Wednesday, November 30, 2011

Criminal Files Lawsuit against Victims for Breach of “Oral Contract”

What in the world is this country coming to?

If Jesse Dimmick’s lawsuit is any indication, it isn’t going anything good.

As far as I can tell from the convoluted story delivered by ABC News’ Topeka, Kansas chapter, Dimmick was running away from the cops after allegedly beating a man to death. Stumbling upon the home of Jared and Lindsay Rowley, he figured it was the perfect hiding place and went for it.

Dimmick says he explained the situation to them and, agreeing to give them money if they hid him from the police. The Rowley’s say they only let him in because they knew he was armed and were afraid of what he would do if they said no.

One way or the other, Dimmick was eventually captured and the Rowley’s went on to sue him for intruding in their home and causing them emotional stress, which they believed was worth about $75,000.

So the now-convicted criminal followed suit and laid down his own charges:

“I, the defendant, asked the Rowleys to hide me because I feared for my life. I offered the Rowleys an unspecified amount of money which they agreed upon, therefore forging a legally binding oral contract.” For this, he wants $235,000.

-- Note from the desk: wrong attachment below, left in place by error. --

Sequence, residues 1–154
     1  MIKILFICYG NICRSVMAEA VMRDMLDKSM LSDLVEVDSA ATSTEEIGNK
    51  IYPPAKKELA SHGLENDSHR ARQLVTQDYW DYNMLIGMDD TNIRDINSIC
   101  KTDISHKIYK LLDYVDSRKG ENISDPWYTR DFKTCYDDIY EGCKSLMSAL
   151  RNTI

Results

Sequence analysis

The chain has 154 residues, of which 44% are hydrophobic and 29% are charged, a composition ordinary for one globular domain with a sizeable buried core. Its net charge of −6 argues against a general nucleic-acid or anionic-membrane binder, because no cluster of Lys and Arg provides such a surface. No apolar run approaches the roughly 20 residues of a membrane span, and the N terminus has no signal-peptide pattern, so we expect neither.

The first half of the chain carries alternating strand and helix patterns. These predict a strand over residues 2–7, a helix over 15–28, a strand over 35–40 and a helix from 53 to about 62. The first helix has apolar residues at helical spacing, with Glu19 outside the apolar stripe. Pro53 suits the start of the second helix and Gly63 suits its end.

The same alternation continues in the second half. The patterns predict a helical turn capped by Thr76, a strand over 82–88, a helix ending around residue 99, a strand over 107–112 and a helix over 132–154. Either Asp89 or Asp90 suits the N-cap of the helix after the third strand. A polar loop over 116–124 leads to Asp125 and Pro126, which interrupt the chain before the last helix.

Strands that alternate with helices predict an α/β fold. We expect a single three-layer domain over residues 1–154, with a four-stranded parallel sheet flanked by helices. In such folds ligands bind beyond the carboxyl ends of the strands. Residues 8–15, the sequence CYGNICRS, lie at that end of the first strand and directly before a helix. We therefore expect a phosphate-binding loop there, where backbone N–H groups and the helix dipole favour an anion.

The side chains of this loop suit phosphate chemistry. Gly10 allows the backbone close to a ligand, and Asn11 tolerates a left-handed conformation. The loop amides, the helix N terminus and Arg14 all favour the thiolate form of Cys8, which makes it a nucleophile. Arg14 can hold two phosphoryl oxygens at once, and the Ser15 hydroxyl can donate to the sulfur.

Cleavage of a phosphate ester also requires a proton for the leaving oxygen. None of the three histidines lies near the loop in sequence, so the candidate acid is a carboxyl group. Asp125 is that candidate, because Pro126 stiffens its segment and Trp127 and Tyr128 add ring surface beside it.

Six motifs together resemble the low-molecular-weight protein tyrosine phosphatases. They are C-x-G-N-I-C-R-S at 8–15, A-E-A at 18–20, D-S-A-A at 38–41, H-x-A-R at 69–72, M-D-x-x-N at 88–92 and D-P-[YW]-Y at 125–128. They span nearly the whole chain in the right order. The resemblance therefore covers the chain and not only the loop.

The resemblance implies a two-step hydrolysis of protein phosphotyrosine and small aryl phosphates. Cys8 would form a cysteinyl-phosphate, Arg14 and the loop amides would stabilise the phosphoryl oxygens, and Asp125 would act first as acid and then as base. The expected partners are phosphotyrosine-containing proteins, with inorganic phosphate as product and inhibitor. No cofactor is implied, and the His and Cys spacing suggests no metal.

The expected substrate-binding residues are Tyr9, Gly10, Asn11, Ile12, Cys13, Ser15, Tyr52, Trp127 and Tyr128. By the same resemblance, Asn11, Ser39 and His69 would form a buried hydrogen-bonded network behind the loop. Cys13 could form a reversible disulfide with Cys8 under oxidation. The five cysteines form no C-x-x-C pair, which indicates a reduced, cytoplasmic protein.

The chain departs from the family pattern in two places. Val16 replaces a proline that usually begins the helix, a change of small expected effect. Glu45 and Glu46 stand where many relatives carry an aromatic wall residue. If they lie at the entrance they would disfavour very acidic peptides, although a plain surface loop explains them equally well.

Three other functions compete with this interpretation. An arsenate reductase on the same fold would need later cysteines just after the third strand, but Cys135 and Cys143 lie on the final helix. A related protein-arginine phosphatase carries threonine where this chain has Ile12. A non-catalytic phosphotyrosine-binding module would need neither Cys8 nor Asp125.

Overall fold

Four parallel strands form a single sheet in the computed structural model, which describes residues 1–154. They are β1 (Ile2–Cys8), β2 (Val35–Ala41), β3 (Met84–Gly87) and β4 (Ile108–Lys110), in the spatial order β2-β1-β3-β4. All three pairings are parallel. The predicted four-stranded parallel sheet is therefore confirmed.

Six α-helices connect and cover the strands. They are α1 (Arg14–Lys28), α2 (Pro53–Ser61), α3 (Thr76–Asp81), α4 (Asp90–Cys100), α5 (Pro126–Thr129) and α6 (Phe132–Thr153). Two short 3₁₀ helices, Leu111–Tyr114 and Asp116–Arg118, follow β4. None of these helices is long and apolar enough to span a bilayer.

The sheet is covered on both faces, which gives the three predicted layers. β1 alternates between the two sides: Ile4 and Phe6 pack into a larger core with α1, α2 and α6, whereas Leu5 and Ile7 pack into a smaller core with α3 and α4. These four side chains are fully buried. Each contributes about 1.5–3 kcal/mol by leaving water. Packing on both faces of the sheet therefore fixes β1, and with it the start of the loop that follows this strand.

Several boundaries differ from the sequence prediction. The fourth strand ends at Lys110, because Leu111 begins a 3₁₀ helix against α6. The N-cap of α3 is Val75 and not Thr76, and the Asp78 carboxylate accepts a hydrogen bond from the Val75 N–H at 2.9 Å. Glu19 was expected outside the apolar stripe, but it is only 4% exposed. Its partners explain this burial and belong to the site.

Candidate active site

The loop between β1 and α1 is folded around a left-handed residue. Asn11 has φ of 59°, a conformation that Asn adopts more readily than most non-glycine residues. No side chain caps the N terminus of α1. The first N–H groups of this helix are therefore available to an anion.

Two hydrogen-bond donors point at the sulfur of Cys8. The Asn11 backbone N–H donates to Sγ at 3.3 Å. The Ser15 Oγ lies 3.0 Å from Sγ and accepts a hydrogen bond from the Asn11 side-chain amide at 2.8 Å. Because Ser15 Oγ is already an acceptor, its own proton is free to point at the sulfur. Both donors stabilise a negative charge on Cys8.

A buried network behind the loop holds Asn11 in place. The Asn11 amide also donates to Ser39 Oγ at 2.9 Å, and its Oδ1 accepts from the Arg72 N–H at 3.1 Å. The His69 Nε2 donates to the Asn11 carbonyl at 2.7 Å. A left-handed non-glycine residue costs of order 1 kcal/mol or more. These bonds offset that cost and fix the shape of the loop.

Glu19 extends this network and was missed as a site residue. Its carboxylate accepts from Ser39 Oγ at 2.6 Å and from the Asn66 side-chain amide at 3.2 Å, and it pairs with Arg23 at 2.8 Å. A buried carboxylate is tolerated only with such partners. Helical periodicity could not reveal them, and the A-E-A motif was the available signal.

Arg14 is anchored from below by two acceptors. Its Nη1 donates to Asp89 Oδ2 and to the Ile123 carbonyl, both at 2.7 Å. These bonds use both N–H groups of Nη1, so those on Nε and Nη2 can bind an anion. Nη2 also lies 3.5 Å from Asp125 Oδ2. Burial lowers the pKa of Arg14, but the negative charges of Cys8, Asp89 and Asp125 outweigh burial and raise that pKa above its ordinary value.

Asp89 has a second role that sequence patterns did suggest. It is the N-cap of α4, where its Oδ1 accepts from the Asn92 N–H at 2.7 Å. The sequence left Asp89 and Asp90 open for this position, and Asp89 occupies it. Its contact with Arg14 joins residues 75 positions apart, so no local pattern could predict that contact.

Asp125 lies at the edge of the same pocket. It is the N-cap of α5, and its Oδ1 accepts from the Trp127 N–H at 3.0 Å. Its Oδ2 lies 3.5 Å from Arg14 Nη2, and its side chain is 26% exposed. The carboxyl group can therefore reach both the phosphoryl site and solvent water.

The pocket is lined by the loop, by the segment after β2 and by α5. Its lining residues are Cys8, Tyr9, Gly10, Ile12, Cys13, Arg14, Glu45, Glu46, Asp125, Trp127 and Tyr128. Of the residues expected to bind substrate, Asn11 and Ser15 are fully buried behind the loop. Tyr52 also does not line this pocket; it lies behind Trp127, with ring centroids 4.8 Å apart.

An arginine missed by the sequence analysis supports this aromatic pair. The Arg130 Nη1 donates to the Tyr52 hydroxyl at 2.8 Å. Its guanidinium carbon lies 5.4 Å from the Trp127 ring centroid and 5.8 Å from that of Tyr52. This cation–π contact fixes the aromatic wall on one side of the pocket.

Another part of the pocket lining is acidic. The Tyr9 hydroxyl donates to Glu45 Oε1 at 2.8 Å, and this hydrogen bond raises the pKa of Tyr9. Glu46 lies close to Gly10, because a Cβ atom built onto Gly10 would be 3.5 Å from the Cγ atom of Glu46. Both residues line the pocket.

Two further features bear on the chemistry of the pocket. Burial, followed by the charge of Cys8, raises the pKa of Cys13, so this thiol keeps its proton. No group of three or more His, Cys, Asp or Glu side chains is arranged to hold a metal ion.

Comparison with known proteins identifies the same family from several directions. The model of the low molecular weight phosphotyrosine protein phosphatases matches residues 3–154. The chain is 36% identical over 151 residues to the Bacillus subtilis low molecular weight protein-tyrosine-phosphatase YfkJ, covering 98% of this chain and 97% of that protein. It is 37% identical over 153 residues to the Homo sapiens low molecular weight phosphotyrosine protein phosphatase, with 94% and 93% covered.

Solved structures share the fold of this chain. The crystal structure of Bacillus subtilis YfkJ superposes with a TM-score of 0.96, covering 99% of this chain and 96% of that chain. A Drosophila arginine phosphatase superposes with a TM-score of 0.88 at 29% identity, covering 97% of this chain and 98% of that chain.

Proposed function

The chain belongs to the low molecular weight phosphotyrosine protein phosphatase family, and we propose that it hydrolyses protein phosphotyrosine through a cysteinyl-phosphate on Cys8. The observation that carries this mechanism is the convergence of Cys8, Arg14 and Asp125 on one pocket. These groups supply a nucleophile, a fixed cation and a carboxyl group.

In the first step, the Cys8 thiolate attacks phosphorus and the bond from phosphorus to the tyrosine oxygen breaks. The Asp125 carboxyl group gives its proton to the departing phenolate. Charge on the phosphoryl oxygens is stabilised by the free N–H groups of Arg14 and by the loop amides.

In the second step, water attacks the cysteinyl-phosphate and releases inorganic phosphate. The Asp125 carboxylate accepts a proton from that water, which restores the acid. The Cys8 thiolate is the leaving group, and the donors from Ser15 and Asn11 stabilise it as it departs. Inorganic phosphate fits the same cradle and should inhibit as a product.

In Dimmick’s defense, I’m really not sure which lawsuit is more absurd. Suing a criminal for emotional distress seems rather ridiculous, not to mention extravagantly opportunistic. Shades of Shylock, anybody?

Then again, believing that a fugitive’s oral contract is worth anything – much less $235,000 – legally speaking is equally insane. And both cases display a total lack of substance that’s rather appalling.

If this is really what America has come to – where both victims and criminals think they can milk the legal system for all it is and isn’t worth – then that’s beyond sad.

It’s pathetic.

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